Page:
Mendelssohn brings ’em to their feet at chamber fest
A review of the July 9 concert in the Seattle Chamber Music Society’s 2014 Summer Festival, which included a breathtaking performance of Mendelssohn’s D Minor Piano Trio, as well as a rare outing for Stravinsky’s Octet for Winds.
Special to The Seattle Times
Seattle Chamber Music Society Summer Festival
Festival continues through Aug. 2, most events at Nordstrom Recital Hall, Benaroya Hall, Seattle; $16-$48 (206-283-8808 or seattlechambermusic.org).
Sometimes, when music lovers are very lucky, they get a performance like this one: the great Mendelssohn D Minor Piano Trio in a reading to take the breath away.
Augustin Hadelich (violin), Efe Baltacigil (cello), and pianist Jon Kimura Parker played the trio in a manner that literally gave the listeners nothing further to wish for. Warmly soulful, incredibly speedy, consistently inventive, and artful in every line, the Mendelssohn was so refined and nuanced that it made other versions seem somehow crude.
The first movement was taken at a speed possible only for a pianist like Parker, whose perfectly even arpeggios set the tone for the white-hot performance. After the movement concluded, the hall was full of the suspended sound of an overexcited audience trying not to applaud and break the trio’s spell.
The applause came later, after the lovely freedom of the second movement, the “faster than a speeding bullet” supercharged scherzo, and the impassioned finale. The listeners charged to their feet, shouting and whistling and applauding through several curtain calls. Everyone in the hall knew what was happening Wednesday night: a performance you hear only rarely, the sound of gifted musicians creating lightning together. This is why people go to concerts: waiting for that lightning strike, for the kind of thrill that can never really be captured in anything but live music.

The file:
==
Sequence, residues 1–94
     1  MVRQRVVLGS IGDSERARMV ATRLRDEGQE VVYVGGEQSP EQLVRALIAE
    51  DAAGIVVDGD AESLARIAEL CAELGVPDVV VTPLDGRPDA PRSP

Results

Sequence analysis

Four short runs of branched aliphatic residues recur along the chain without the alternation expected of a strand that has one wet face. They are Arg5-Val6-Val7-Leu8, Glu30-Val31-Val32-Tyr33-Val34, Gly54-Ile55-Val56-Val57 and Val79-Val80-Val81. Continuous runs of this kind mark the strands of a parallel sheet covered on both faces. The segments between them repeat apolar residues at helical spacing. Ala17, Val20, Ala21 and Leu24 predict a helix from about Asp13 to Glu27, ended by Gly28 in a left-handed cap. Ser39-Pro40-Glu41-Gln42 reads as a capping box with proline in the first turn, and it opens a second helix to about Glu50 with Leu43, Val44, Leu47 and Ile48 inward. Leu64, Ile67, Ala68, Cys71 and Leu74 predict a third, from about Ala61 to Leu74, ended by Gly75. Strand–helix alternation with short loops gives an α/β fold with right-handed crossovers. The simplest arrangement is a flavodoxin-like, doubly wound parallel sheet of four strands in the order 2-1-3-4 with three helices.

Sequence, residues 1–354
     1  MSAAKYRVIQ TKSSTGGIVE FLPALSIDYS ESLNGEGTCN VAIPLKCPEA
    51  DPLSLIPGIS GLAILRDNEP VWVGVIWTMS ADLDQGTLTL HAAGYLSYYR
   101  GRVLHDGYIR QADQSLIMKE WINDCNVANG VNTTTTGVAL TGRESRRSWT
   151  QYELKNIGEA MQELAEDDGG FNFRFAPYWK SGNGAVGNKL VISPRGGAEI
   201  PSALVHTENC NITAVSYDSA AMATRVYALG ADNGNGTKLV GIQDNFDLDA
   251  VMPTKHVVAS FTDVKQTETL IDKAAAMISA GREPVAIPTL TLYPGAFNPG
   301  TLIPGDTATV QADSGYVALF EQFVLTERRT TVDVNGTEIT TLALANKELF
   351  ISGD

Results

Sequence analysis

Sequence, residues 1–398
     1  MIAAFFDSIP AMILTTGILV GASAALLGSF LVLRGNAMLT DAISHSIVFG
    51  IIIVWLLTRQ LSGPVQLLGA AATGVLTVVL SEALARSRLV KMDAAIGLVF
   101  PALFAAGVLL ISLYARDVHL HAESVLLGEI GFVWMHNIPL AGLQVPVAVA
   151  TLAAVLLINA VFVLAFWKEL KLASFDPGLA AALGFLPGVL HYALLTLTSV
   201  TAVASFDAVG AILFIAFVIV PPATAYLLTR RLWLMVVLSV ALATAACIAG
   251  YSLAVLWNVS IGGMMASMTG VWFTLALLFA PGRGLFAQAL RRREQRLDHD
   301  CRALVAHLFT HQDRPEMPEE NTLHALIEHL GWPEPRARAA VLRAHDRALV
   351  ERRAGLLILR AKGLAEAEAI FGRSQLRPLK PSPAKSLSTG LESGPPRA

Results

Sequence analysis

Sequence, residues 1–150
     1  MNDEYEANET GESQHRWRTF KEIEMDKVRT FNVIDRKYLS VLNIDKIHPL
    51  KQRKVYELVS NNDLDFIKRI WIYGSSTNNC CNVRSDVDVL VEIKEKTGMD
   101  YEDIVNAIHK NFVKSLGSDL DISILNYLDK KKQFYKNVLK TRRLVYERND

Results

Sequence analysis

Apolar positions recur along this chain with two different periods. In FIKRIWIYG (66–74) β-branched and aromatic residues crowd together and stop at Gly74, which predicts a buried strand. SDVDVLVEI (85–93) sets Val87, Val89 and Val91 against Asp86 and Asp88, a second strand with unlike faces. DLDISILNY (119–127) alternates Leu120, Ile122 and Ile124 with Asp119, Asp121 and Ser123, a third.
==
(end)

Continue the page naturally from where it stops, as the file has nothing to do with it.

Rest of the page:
Anything afterward would surely be anticlimactic, and that was the fate of a very fine reading of the first of Beethoven’s Op. 59 string quartets. Violinist and festival artistic director James Ehnes gave a beautifully shaped, patrician lead to the quartet, which included violinist Amy Schwartz Moretti, violist Richard O’Neill, and cellist Robert deMaine: not a weak link anywhere. The level of ensemble playing was remarkably high, and the playing sounded fresh, unforced, and natural.
The evening opened with a rare outing for the Stravinsky Octet for Winds, a jaunty, high-energy piece featuring not only a pair of trombones (Ko-ichiro Yamamoto and Carson Keeble), but also a pair of bassoons (Stéphane Lévesque and Seth Krimsky) and trumpets (Jens Lindemann and David Gordon), along with a lone flute (Lorna McGhee) and clarinet (Anthony McGill). Good-humored, picturesque, and occasionally hilarious, the performance had a few ensemble problems but lots of virtuosity.
This opening week of the festival, not surprisingly, is sold out. Wednesday’s Mendelssohn alone should cause a run on the box office for the remaining programs.
Melinda Bargreen also reviews concerts for 98.1 Classical KING FM. She can be reached at firstname.lastname@example.org.